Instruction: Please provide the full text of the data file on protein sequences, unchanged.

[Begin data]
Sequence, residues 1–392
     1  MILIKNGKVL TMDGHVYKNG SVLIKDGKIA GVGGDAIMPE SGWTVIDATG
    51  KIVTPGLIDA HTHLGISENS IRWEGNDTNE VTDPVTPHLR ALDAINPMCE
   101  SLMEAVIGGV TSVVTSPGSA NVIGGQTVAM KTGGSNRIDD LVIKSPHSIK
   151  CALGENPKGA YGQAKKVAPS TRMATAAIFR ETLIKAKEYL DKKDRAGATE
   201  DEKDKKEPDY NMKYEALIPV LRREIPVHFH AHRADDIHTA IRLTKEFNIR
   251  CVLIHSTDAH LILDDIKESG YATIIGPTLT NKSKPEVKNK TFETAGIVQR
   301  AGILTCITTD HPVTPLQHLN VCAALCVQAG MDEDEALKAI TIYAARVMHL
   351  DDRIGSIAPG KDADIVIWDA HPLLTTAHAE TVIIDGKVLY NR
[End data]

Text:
Sequence, residues 1–392
     1  MILIKNGKVL TMDGHVYKNG SVLIKDGKIA GVGGDAIMPE SGWTVIDATG
    51  KIVTPGLIDA HTHLGISENS IRWEGNDTNE VTDPVTPHLR ALDAINPMCE
   101  SLMEAVIGGV TSVVTSPGSA NVIGGQTVAM KTGGSNRIDD LVIKSPHSIK
   151  CALGENPKGA YGQAKKVAPS TRMATAAIFR ETLIKAKEYL DKKDRAGATE
   201  DEKDKKEPDY NMKYEALIPV LRREIPVHFH AHRADDIHTA IRLTKEFNIR
   251  CVLIHSTDAH LILDDIKESG YATIIGPTLT NKSKPEVKNK TFETAGIVQR
   301  AGILTCITTD HPVTPLQHLN VCAALCVQAG MDEDEALKAI TIYAARVMHL
   351  DDRIGSIAPG KDADIVIWDA HPLLTTAHAE TVIIDGKVLY NR